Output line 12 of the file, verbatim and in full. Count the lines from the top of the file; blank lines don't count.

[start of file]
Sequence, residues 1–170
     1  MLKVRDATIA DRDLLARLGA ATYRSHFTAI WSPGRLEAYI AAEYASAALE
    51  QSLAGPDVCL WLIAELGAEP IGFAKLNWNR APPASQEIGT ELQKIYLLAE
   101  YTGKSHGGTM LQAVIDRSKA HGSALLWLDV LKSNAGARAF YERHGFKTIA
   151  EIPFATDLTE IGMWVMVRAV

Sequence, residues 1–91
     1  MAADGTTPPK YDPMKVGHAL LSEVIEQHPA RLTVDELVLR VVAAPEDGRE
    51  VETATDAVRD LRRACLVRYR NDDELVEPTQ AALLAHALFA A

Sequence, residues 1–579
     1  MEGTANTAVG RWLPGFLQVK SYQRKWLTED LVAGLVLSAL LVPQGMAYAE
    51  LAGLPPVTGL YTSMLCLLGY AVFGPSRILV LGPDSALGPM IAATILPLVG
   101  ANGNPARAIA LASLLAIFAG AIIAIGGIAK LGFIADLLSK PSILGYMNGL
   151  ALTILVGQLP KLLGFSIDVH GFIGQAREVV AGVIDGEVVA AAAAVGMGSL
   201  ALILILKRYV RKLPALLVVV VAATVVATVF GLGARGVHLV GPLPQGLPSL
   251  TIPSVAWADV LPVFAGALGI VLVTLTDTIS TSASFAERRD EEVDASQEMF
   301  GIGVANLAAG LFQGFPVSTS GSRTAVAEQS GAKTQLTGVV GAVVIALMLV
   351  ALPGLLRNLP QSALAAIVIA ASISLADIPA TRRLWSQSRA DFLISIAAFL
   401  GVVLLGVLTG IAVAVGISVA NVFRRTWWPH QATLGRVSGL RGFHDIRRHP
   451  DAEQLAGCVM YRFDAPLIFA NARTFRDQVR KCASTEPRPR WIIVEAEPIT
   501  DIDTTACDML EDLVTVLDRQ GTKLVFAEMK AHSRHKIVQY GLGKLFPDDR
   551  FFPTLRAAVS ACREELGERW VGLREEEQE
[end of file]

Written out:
   101  ANGNPARAIA LASLLAIFAG AIIAIGGIAK LGFIADLLSK PSILGYMNGL